When I talk to my husband about it, I ask him if it would get old to be surrounded by women all day at work, surrounded by beef-cake posters, and if conversation was primarily female-centric topics - male-bashing, shopping, doing our nails, pms, and other things he couldn't relate to, and hence participate in. It would put a barrier between him and his coworkers, not by malicious intent but just by lack of common ground. It isn't about men being evil, its just about being part of a minority group and how that impacts your experience - particularly when it is at least 40 hours every week, in an atmosphere you have little control over but are required to interact in. I wish I could recall the article where I read it - an article about women in computing, I've read many - where one woman describes it as water torture. Its not the first drop, second, or even the first few hundred, but rather the constant dribble of things that cumulatively drive you out - the comments, the isolation, the lack of support, the misconceptions, the sexism, unequal pay, and so on.

I can't close without addressing the idea that women are genetically inferior and not well suited to computing. This misconception could greatly reduced if the computing education community would take fifteen minutes out of the first or second intro to programming classes to address the accomplishments of women to early computing - many people credit a woman as being the first programmer, women programmed one of the earliest super computers, and a women developed the first compiler. Many CS graduates, women included, do not know that. I can't help but wonder why.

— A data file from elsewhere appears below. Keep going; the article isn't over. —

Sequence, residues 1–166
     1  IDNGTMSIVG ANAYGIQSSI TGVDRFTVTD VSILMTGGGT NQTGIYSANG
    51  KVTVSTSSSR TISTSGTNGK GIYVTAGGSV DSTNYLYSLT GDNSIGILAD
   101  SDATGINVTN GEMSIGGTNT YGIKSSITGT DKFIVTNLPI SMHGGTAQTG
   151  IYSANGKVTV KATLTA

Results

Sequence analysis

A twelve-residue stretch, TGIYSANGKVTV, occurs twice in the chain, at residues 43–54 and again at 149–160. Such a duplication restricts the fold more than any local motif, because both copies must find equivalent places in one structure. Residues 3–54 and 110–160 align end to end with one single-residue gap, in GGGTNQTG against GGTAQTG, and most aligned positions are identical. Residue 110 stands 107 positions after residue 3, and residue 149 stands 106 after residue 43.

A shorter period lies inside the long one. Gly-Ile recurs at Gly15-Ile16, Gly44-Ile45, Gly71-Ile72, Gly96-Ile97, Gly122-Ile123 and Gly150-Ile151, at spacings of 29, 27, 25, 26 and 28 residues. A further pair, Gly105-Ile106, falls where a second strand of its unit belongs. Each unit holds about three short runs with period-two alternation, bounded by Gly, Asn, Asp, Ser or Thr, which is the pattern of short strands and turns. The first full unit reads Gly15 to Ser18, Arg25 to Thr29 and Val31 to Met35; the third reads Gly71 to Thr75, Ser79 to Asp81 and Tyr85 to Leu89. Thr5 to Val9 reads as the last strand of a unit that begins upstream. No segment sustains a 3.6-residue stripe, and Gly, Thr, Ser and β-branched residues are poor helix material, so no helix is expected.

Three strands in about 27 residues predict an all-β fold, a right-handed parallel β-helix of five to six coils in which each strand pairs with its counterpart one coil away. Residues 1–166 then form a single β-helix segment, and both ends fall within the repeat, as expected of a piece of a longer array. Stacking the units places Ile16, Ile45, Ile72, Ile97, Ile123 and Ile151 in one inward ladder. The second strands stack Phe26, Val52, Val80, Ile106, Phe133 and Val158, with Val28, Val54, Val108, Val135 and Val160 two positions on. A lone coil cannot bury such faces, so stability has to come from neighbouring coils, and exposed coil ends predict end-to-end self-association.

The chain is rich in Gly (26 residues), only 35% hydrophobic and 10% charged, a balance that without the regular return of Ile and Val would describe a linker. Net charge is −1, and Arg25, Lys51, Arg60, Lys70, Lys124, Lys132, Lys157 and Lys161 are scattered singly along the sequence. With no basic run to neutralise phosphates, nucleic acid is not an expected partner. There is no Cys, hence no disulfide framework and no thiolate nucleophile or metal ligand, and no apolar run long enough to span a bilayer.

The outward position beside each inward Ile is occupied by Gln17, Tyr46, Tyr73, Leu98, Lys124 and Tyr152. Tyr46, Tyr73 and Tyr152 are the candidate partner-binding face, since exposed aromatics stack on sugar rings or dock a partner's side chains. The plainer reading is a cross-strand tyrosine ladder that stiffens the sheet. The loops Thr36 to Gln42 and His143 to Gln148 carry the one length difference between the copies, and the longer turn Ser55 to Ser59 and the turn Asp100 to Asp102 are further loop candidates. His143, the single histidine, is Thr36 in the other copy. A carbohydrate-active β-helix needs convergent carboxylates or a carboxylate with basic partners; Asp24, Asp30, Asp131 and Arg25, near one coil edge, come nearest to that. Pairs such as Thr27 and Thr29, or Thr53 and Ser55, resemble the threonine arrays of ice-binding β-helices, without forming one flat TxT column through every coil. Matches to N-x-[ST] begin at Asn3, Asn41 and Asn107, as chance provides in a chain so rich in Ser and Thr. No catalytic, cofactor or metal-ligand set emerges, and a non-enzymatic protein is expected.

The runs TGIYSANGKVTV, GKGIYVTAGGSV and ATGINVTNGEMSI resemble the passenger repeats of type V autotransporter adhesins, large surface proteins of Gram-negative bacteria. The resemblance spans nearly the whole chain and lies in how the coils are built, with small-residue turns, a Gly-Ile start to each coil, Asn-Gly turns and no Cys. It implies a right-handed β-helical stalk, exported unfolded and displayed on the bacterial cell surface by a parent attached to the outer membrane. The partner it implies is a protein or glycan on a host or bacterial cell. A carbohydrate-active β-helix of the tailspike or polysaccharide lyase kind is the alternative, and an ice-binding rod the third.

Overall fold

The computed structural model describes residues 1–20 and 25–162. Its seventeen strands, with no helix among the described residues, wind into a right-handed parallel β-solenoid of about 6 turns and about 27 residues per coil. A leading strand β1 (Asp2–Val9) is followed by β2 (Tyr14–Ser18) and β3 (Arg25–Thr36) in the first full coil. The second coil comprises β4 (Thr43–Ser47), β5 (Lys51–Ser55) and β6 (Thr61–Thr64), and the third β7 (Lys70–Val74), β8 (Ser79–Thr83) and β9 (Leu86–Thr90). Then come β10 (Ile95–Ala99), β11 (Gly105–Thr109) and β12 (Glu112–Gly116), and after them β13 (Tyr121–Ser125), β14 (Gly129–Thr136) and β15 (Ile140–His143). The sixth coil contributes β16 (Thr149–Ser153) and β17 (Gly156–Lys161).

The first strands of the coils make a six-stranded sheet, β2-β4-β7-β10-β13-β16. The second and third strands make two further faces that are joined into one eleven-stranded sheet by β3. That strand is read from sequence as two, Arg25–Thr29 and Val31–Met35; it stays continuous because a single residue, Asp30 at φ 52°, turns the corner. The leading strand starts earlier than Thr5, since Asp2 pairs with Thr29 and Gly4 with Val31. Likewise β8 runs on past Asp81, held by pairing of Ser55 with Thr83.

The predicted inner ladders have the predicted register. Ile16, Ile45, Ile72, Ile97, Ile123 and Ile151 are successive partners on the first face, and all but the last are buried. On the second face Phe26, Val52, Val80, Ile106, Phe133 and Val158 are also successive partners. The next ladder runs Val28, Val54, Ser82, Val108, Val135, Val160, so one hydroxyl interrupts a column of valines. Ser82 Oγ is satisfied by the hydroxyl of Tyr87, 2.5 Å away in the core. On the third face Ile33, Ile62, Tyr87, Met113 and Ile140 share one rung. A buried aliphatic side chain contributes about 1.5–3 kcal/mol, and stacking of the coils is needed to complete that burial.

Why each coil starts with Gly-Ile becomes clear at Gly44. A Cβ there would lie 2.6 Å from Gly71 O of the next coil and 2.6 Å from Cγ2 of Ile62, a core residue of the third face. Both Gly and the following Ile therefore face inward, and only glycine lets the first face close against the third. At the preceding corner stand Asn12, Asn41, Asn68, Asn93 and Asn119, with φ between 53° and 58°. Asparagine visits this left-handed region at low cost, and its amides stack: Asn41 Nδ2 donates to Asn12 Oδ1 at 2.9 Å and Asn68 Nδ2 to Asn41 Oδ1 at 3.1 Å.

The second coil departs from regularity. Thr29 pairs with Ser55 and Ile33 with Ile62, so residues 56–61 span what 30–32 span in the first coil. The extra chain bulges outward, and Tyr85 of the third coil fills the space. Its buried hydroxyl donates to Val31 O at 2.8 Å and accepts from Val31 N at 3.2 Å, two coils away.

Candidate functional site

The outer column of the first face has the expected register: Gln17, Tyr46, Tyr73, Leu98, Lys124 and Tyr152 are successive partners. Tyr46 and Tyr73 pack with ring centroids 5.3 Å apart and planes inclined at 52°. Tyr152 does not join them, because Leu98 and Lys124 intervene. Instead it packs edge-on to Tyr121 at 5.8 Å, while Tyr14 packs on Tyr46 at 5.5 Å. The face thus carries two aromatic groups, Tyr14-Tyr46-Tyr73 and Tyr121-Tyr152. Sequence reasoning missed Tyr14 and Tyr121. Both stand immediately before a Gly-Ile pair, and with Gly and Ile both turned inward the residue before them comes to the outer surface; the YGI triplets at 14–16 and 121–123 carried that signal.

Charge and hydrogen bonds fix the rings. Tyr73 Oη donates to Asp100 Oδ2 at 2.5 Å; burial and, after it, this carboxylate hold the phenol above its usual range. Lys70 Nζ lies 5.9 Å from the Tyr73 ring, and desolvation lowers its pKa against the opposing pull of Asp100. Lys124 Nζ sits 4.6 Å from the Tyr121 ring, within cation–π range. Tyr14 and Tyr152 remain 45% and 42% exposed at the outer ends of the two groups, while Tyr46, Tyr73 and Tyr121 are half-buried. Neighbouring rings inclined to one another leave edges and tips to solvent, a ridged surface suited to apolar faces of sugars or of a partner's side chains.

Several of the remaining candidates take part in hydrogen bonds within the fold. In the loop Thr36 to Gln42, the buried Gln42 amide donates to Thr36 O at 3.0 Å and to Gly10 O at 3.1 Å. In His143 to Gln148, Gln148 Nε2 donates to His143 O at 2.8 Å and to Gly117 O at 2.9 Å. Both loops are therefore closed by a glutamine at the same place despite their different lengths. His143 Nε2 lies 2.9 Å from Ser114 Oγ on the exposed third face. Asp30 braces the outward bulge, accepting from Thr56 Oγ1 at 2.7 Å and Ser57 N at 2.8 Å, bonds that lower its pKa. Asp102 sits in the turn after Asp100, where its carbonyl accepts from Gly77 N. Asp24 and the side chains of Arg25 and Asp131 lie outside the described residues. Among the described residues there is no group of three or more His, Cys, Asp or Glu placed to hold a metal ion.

April 28th, 2009, 09:45 AM
I'm not sure if I should agree.

From my observations, for example in our company, we have over 50% of IT managers being women, our director - site manager is woman and guess what?
They are all far over 30 ;)
And they all were normal technical IT stuff before.

When it comes to appreciation, there might be something in it.
Here we don't have so many women on "low level" IT positions (not managers), so we actually "have to" appreciate those that we have. :)

Maybe if we didn't they would leave? Who knows? We'd rather not to try! ;)

July 16th, 2009, 04:07 AM